La campaña / José Antonio Ramos Sucre

The Campaign

     I was invited to the exequies of a hunting dog. The nomadic family broke out in agonized laments and described themselves as threatened by penury after the death of that provident server. The women imposed on the men the mission of putting together a brigade and going out in demand of the accused wolves.

     We went into the campaign at the break of the next day. We lacked gunpowder and carried measured canes. The sun appeared very quickly over the ground of snow and turned it into a glassy surface. The snow was thin and the horses would break through it easily to devour the hidden grass. Hunger was devastating the country.

     We ran into the squadron of wild beasts when we rounded the curve of a steep mountain. Some of our riders were dangerously bitten in the tough fight and said they had been infected with rabies. Eight or ten wolves were knocked down and with their spines broken. I was satisfied by capturing a baby cub with red hair.

     We returned to the village after attaining victory and proceeded to curing the wounded by means of cautery. All of them showed signs of melancholia, which is the beginning of the crisis of rabies.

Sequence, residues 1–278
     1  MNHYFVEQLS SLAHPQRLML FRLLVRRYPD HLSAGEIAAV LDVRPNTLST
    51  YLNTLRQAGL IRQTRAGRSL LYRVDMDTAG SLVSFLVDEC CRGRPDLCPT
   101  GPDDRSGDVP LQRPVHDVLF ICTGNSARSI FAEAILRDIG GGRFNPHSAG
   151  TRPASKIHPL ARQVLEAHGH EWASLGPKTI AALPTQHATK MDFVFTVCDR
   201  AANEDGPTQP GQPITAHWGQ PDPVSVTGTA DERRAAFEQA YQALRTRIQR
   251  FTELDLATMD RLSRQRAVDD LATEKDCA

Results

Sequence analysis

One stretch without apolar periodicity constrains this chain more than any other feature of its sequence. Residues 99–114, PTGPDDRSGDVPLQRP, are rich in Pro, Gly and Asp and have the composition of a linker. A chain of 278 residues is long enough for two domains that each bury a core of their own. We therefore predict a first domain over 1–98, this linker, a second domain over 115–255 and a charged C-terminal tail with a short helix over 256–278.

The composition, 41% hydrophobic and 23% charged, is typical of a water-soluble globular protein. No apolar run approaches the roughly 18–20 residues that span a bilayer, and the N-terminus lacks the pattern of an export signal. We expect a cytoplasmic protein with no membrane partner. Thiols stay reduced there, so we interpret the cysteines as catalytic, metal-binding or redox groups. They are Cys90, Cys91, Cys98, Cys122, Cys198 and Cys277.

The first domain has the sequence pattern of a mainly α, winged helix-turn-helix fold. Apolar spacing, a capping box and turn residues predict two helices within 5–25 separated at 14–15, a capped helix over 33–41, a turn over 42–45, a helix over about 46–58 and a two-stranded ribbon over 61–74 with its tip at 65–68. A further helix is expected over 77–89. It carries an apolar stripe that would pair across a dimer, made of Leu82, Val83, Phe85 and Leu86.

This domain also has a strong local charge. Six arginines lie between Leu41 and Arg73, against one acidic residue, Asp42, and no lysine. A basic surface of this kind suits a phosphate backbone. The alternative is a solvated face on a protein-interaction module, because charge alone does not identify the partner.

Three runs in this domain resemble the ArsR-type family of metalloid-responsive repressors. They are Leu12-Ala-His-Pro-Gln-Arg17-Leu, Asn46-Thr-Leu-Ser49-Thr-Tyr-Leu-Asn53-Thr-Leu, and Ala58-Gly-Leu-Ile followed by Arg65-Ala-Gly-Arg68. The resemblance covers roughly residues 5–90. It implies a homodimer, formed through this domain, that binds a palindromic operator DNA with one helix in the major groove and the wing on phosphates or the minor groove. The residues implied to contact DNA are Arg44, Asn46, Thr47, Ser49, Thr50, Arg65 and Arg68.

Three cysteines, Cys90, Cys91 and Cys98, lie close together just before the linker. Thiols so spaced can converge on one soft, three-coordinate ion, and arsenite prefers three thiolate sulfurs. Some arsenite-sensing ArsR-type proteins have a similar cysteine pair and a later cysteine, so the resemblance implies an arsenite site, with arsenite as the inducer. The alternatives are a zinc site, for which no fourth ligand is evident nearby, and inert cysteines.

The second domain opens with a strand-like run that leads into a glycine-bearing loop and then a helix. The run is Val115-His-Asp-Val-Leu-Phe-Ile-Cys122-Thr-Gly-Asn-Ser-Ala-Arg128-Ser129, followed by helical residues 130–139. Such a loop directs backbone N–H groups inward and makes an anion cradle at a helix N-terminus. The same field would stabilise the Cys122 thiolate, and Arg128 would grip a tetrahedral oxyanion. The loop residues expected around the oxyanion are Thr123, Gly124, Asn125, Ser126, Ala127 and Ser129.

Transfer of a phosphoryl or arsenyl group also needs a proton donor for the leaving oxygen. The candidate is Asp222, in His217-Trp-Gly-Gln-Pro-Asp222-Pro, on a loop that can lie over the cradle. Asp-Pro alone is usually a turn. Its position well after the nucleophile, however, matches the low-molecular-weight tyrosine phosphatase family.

The women didn’t expect to save the infected ones any other way than by sacrificing my captive as a symbol of their faith, maintained for innumerable generations, since the days of Attila. They adored a sword nailed into the ground, image of strength. They discreetly envied my fortune and once again demonstrated toward me the uncertainty of their dealings. They were capable of advising my loss in the case of ending up better off in a second excursion.

     The wounded recuperated thanks to the sacrifice of my baby cub. They grew content when they saw the signs of my sadness and they let me see the necessity and opportunity to continue my journey. They had pretended, according to my conjecture, to have the symptoms of rabies.

     I abandoned the company of those disloyal hunters and I stepped out with my horse into the uniform country, with the help of a compass.

     A woman wounded me with a stone when I was separating my horse from looking at itself in the mirror of a puddle.

Las formas del fuego (1929)

{ José Antonio Ramos Sucre, Obra completa, Caracas: Biblioteca Ayacucho, 1989 }

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